up from 2 students in the summer of 2003.
Changes in admissions policies facilitate greater retention and place an increased emphasis on student
PREP Designation-As decided by Larry Shuman and Betsy Porter, the PREP designation was
eliminated. The Office of Diversity and the PECAP program supports the elimination of this
distinction and feels that this admissions decision will allow our programs to focus more closely
on the students with the potential to succeed and excel in the School’s increasingly competitive
Undergraduate freshman retention for African-Americans is comparable to white male retention
2000 2001 2002
African-American (%) 79 77 88
Female (%) 69 83 85
White male (%) 81 75 88
All (%) 78 77 86
The quality of incoming students is on the rise
African- Hispanic Native Asian Female White Male
American American American American
2002-3 1167 1005 1225 N/A N/A N/A
2003-4 1206 1230 1290 N/A N/A N/A
2004-5 1255 1302 1247 1339 1258 1268
The number of African-Americans earning degrees has risen significantly since 1998
Table: BS Degrees
All M All W AA T HS T NA T Fo T
1998-9 78.31% 21.68% 3.98% .88% 0 3.5%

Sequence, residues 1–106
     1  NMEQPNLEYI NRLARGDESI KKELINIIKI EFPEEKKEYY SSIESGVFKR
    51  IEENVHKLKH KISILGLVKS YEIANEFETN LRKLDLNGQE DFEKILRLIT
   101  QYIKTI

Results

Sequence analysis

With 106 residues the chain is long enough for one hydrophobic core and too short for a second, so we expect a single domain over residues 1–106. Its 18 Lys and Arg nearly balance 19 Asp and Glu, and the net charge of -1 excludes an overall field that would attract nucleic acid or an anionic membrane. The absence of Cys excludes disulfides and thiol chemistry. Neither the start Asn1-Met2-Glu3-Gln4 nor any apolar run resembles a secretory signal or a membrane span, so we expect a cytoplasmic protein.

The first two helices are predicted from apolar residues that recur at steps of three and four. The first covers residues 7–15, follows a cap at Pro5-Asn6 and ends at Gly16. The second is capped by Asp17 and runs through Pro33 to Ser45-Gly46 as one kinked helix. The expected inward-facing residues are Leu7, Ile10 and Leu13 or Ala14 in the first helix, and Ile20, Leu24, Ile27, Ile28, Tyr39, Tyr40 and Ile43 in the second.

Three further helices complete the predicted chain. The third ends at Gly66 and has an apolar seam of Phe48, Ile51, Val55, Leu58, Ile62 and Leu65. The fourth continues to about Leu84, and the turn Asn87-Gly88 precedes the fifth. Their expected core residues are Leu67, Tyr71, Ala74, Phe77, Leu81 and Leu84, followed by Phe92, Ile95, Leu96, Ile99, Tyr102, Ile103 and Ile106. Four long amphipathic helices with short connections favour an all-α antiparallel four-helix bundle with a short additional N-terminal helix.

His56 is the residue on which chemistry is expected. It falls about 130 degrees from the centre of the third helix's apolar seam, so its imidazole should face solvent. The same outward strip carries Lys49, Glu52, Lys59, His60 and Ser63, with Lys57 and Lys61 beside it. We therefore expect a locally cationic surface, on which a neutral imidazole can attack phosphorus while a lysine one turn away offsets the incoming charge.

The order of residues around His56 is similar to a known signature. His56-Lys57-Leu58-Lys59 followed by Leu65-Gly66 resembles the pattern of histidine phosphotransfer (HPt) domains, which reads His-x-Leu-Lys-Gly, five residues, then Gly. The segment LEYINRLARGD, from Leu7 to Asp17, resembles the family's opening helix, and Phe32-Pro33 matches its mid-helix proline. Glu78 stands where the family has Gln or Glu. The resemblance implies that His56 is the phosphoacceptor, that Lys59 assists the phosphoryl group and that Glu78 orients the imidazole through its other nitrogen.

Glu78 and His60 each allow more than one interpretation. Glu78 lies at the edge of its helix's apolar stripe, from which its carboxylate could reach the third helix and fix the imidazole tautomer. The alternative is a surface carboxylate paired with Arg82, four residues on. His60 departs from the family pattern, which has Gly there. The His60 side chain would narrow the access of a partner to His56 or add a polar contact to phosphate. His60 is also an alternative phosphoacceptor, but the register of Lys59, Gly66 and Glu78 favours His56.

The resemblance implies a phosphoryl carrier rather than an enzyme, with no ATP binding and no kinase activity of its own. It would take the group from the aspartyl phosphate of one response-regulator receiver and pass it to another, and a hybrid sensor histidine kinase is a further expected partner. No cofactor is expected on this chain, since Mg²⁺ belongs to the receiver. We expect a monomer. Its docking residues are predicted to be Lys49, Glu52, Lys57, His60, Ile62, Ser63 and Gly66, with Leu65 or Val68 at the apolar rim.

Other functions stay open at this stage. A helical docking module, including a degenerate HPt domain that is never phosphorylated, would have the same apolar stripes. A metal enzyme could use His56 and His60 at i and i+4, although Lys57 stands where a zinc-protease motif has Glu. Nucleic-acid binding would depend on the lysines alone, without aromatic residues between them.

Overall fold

1999-0 77.81% 22.18% 5.80% 1.37% .68% 2.04%
2000-1 77.56% 22.44% 9.09% .85% 0 1.42%
2001-2 74.92% 25.08% 4.95% 1.24% 0 1.54%
2002-3 73.40% 26.60% 5.41% .98% .24% 2.46%
AVERAGE 76.40% 23.60% 5.84% 1.06% .18% 2.20%
The number of African-Americans earning MS degrees rose in 2002-2003
Table: MS Degrees
All NA o
M All W HS T T T
1998-9 87.5% 12.50% 2.94% 0 0 32.35%
1999-0 80.14% 19.86% 4.25% 1.21% 0 3.04%
2000-1 86% 14% 3.0% 2.0% 0 26.0%
2001-2 80.6% 19.45% .93% 0 0 29.62%
2002-3 84% 16% 2.90% .72% 0 31.60%
AVERAGE 83.65% 16.35% 2.80% .82% 0 29.93%
The number of women earning PhDs has risen dramatically since 2003-2004
Table: PhD Degrees
Year All M All W Af T HsT Na T Fo T
1998-9 90% 10% 3.33% 0% 0% 56.67%
1999-0 76.67% 23.33% 0% 3.30% 0% 70%
2000-1 76.74% 23.25% 9.30% 0% 0% 74.41%
2001-2 88.50% 12.50% 0% 0% 0% 68.75%
2002-3 73.33% 26.67% 0% 0% 0% 73.33%
Average 80.85% 19.15% 2.52% 0.67% 0% 68.63%
School Diversity Goal 3: SYSTEMIC DIVERSITY MANAGEMENT- to educate administrators, faculty